If you get chance, do go and see Mark Billingham and/or Christopher Brookmyre in action. They’re both very entertaining. I was in stitches. In fact, too busy laughing to make many notes.
In contrast, I saw Kate Ellis on Sunday morning and almost walked out. Kate is the author of 13 books in the Wesley Peterson series and two in the Joe Plantagenet series. Kate has been twice nominated for the CWA Short Story Dagger, and her novel The Plague Maiden, was nominated for the Theakston’s Old Peculiar Crime Novel of the Year in 2005.
Kate came across as being a little ‘too nice’. Her talk wasn’t injected with a great deal of humour or charisma, I have to say. She failed to make her books sound interesting or intriguing enough. I haven’t read any of her novels, and just because she isn’t great at public speaking doesn’t mean they aren’t a good read, but she was there to sell them to me, and she didn’t. Kate said she likes to mix history with the present and writes about archaeology and legends. The present echoes the past in a lot of her books, which she sets mainly in Dartmouth and York. She says she changes the names of places, however, to allow her more freedom. She works with the same cast of characters for each book and they have become like old friends to her. Kate says she writes every day, even when she doesn’t feel like it. I should take note!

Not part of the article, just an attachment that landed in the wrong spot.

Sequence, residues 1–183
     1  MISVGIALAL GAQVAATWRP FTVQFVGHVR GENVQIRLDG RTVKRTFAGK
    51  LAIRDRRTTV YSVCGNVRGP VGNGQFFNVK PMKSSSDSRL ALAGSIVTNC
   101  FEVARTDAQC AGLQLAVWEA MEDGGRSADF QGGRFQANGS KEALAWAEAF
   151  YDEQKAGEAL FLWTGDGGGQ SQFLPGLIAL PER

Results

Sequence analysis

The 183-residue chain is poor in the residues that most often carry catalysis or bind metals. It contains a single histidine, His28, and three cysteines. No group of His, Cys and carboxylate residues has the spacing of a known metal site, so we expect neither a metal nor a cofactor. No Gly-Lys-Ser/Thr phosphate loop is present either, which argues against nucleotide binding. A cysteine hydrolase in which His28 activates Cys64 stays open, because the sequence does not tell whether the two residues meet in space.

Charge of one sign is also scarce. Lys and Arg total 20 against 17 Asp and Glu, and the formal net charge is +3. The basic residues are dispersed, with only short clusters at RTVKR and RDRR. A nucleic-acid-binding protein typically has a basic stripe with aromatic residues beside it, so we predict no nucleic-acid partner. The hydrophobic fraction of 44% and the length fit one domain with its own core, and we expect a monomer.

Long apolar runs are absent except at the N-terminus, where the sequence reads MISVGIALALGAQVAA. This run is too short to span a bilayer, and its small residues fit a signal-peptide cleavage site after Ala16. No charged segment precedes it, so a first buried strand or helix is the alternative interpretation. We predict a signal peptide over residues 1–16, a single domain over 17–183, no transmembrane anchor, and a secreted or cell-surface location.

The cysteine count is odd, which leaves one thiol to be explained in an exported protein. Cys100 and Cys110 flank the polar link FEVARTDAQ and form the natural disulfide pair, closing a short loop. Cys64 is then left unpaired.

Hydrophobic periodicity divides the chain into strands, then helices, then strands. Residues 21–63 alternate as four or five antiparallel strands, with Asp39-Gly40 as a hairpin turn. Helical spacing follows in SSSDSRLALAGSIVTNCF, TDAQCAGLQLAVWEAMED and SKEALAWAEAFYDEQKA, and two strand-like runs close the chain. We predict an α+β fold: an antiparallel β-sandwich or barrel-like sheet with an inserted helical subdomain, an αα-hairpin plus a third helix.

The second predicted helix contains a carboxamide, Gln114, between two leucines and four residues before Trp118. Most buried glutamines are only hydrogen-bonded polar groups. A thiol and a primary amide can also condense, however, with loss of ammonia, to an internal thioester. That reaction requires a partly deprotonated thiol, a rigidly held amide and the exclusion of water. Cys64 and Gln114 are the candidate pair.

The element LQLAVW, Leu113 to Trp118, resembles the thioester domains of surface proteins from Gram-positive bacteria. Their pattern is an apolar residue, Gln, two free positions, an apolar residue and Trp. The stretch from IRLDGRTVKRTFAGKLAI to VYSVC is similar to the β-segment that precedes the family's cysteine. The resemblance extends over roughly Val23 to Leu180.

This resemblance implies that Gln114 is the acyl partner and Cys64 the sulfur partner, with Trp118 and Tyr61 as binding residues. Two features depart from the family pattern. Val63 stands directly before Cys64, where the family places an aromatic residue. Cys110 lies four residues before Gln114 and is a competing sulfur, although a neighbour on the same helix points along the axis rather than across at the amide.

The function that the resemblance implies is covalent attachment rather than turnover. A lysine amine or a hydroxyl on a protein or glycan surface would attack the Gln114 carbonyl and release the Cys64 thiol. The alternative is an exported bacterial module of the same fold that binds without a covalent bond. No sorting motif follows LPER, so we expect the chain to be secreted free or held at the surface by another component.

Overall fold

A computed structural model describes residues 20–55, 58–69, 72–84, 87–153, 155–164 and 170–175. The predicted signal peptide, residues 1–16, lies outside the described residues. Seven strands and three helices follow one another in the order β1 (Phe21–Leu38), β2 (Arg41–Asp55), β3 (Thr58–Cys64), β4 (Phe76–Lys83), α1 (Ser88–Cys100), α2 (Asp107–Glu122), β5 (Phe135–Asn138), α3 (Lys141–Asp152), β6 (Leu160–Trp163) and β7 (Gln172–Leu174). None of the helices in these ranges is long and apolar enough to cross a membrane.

In the afternoon I attended another free event, Female Villains in 19th and 20th Century English Crime Fiction. This was more interesting than it sounds. Greta Depledge, a buxom red-head with oodles of personality, is a lecturer at Birkbeck College. She told us how English fiction is littered with badly behaving women. She discussed Wilkie Collins’ work, as well as that of Gladys Mitchell and Kate Summerscale, whose book, The Suspicions of Mr Whicher, reached bestseller status recently. Greta raised some interesting points about women’s murderous tendencies tying in with their monthly cycles (I can relate to that!) and about the menopause and the role hormones might play in driving women to the edge of madness (can definitely relate to that!). She also talked about hereditary madness and the old ‘born evil’ debate. She discussed how in the 19th century people believed in the power of physiognomy, the art of supposedly judging character from facial characteristics. A good example of this was when the famous photograph of Myra Hindley hit the headlines in the 1960s. She looked evil and because she was a women, her crimes were considered to be all the more heinous.
For me, the best talk of the Reading Festival of Crime Writing, had to be the final one I attended; Mo Hayder with Sergeant Randall from the South West Police Underwater Search Team. Mo’s first novel, Birdman, was an instant bestseller when published in 2000. Mo wanted to talk about how she researched her novels and Sergeant Randall is one of the experts she’s consulted for her more recent series of books, featuring DI Jack Caffrey, the first of which is Ritual.